UiB Blogg            

Want to organise a course or a workshop with support from NORBIS?

19. December, 2017

Do you carry an idea for a course or a workshop within the fields of bioinformatics, biostatistics or systems biology? Want to invite international experts to give lectures at this event? Once again it is time for NORBIS to ask you to propose a course or a workshop to be organised with financial and administrative support from us. We welcome brand new ideas, as well as adaptations of already existing courses and workshops.

Our financial support will cover travel related expenses for invited and internal lecturers as well as participating student members, for both courses and workshops. For courses, we will in addition give a flat sum of 60 000 NOK per course to the responsible department, to compensate time spent preparing and teaching the course. Our administrative support may help during both planning and execution of the course or the workshop, and will ease the process of making a course available across institutions.

Please visit this page to get an overview of the activities that we already offer, and to read our guidelines.

Our members currently have the following topics on their wish list (among many other!):

– basic and advanced statistics
– proteomics analysis (statistics and bioinformatics)
– machine learning
– high dimensional data analysis
– small RNA analysis
– network biology
– programming and reproducibility
– open source data

You are of course free to propose other topics within the scope of NORBIS.


We aim for our courses to be organized in a biannual fashion. We therefore encourage organisers of previous NORBIS courses to apply with an updated proposal, and to kindly add a summary of the participation and evaluation from the last round, as well as a note describing any updates and changes.


Please read more and register your proposal here: by  1st March 2018.

The same principles behind the internet, social networks and biological networks

14. December, 2017

Illustration: Colourbox

NORBIS, supported by CCBIO, DLN and CBU, recently hosted a workshop on “Network Biology/Integromics Bioinformatics – Applications Towards Medicine” at Grand Hotel Terminus in Bergen, August 23rd-25th 2017.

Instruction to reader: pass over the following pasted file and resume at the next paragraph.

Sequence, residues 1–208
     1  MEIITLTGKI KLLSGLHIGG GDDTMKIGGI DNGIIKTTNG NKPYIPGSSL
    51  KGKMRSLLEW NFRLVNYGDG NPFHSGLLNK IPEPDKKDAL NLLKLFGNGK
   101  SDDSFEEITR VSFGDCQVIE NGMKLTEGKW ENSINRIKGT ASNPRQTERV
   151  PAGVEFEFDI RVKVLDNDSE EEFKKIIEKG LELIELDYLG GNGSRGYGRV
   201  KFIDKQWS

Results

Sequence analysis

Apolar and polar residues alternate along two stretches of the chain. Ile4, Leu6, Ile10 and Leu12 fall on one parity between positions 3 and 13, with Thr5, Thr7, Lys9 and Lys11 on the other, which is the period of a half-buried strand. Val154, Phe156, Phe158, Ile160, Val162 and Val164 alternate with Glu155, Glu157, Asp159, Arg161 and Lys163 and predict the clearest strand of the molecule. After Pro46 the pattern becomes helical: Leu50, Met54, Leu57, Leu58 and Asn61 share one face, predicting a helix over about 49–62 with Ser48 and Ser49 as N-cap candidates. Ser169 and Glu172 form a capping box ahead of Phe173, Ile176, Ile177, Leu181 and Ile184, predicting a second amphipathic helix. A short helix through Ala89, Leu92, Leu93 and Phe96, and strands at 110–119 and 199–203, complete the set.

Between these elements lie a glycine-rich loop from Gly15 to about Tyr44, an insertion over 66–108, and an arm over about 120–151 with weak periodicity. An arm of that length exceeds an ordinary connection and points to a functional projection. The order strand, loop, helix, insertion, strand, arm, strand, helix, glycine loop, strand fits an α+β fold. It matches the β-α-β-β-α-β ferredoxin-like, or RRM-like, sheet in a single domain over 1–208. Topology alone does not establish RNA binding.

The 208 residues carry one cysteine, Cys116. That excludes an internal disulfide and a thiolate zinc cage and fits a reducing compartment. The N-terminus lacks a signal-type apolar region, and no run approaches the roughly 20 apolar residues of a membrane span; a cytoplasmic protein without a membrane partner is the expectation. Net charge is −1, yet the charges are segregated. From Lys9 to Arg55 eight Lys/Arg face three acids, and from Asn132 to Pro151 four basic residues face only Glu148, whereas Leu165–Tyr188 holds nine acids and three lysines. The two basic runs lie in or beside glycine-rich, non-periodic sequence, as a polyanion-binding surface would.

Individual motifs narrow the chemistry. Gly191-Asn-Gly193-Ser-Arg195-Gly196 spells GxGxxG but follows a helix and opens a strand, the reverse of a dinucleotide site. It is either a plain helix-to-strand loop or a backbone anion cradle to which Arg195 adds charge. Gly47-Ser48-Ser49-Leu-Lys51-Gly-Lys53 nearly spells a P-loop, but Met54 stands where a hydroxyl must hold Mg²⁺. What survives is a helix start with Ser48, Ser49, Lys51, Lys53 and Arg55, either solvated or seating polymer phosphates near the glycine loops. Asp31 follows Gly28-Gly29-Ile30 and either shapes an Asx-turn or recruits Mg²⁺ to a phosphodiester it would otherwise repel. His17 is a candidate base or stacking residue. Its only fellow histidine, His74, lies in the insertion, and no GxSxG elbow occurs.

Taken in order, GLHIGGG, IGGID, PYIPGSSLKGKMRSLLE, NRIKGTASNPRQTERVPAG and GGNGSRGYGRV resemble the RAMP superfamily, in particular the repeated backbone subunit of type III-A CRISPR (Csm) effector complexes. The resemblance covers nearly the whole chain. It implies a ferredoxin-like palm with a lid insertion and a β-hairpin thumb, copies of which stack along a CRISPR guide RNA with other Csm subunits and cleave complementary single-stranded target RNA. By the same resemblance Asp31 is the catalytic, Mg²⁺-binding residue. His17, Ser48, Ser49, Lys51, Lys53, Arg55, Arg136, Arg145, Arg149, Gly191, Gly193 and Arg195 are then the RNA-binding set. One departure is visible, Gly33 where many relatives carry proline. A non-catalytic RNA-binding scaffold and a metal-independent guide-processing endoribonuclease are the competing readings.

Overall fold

Konstantina Dimitrakopoulou and Eli Synnøve Vidhammer at CCBIO have written a nice report about the workshop at the CCBIO webpages, which you can read here.

In association with this workshop, keynote speaker Professor Albert-László Barabási gave an exciting Horizon lecture at the UiB Faculty of Mathematics and Natural Sciences, this can now be enjoyed here.

More photos from the workshop are posted at our Fabebook page here.


Key lecturer Albert-László Barabási dicussing network medicine, from cellular networks to the human diseasome. Photo: Tomasz Furmanek

Alfonso Valencia explaining networks based approaches for the study of epigenomics.

Meeting Albert-László Barabasi after the lectures; including Inge Jonassen, Konstantina Dimitrakopoulou, Eileen Marie Hanna and Christine Stansberg.

An autumn with Bayesian approaches in Vienna

14. December, 2017


Hi, my name is Aliaksandr Hubin and I am a PhD student at the department of Mathematics of the University of Oslo. In this report I would like to share my international exchange experience, which took place in Autumn 2017 and was funded by the NORBIS travel grant.


During my exchange I was staying in Vienna, Austria for a period of 3 months (from September to November 2017). There I was visiting Dr. Florian Frommlet, an assistant professor in statistics at the Center for Medical Statistics, Informatics and Intelligent Systems of Medical University of  Vienna.